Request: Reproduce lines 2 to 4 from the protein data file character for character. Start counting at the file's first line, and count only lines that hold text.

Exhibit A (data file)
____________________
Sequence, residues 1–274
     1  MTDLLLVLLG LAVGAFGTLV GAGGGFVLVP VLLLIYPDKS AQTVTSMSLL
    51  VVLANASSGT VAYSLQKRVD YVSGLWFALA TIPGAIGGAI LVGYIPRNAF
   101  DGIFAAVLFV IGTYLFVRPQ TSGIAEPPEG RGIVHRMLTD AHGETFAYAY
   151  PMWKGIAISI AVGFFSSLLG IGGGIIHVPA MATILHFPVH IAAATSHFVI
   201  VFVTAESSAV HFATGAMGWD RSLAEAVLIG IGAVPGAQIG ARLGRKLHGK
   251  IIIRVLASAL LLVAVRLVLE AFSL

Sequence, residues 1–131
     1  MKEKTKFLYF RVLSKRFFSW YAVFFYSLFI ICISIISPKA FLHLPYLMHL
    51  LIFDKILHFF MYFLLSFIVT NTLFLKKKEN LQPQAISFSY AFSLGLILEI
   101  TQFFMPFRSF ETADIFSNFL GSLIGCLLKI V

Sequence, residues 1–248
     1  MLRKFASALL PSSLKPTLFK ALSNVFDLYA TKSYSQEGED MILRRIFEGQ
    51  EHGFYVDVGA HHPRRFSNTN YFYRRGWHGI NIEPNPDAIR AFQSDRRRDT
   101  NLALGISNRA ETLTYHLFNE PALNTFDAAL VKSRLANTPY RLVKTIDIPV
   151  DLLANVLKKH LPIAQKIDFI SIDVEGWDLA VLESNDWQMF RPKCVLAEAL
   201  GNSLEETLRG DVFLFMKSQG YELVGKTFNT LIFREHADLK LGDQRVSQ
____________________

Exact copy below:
     1  MTDLLLVLLG LAVGAFGTLV GAGGGFVLVP VLLLIYPDKS AQTVTSMSLL
    51  VVLANASSGT VAYSLQKRVD YVSGLWFALA TIPGAIGGAI LVGYIPRNAF
   101  DGIFAAVLFV IGTYLFVRPQ TSGIAEPPEG RGIVHRMLTD AHGETFAYAY